NORTHERN Irish golf star Graeme McDowell is relieved that playing in the World Cup will force his hand on the politically and religiously charged decision over who to represent at the Olympic Games.
The world No.12, who will play with Shane Lowry for Ireland in the World Cup, starting on Thursday at Royal Melbourne, believes this locks him into also playing for Ireland when golf returns to the Olympics in Rio in 2016.
The choice between Ireland and Great Britain - which is divided into England, Scotland and Wales for the World Cup - is one that world No.6 Rory McIlroy, also from Northern Ireland, has been reluctant to make.
It was a factor in McIlroy not entering the World Cup and he has speculated he might also skip the Olympics rather than make the tough choice, for fear that he'll alienate sections of Ireland whichever option he chooses.
McDowell said he's glad it's out of his own hands.
"I believe that me being here representing Ireland, the Olympic regulations will mean that I will have to play for Ireland when it comes to the Olympics in 2016," McDowell told reporters on Wednesday.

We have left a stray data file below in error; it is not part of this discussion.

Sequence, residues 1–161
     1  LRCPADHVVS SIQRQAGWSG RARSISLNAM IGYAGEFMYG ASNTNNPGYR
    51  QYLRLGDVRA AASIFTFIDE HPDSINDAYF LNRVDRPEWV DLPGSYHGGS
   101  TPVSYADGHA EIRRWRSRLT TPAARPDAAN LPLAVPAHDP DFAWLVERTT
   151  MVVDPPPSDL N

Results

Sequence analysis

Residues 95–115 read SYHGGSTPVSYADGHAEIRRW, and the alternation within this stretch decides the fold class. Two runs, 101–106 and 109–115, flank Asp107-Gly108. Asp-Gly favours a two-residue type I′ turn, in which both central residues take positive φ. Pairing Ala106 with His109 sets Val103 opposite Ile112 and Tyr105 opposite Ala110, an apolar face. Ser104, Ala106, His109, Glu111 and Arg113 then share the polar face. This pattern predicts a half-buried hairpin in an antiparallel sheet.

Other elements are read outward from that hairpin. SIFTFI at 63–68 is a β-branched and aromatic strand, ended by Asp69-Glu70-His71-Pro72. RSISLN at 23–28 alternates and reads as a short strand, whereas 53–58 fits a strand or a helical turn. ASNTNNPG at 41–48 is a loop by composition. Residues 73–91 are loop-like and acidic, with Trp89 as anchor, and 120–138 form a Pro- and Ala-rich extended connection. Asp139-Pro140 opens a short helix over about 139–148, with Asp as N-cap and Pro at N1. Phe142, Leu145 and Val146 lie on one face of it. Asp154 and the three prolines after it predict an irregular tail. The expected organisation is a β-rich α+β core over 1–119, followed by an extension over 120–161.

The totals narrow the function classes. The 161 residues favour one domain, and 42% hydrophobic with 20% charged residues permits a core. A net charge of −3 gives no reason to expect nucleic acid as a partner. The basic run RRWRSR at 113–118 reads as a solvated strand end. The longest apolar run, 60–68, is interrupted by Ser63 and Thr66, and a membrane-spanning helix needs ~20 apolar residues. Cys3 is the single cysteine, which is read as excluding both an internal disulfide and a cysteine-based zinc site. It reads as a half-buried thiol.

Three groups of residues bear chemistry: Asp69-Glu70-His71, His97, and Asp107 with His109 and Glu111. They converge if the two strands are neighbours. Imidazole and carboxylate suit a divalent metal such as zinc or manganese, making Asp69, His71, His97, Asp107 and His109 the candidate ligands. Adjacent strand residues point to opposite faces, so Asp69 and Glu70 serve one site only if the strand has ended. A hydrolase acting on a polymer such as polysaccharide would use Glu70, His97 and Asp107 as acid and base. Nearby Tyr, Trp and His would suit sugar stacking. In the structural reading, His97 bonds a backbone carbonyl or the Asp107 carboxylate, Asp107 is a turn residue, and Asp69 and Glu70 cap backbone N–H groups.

"Part of me feels relieved to not have to make that decision.
"It certainly didn't enter into my reasons to want to be here.
"I wanted to be here to play with Shane around Royal Melbourne in a golf tournament which I've always loved.
"And like I say, it takes care of another very sensitive problem that myself and Rory in particular have not enjoyed talking about."
McIlroy has also played for Ireland in the World Cup in the past, but McDowell's understanding is that playing for Ireland this close to 2016 binds him under Olympic rules.
He said given the touchy nature of the religious and political conflicts that have divided Ireland, golfers shouldn't have to choose sides.
"It's an unfair decision to put in the players' hands," he said.
"You're always unfortunately going to end up upsetting someone."
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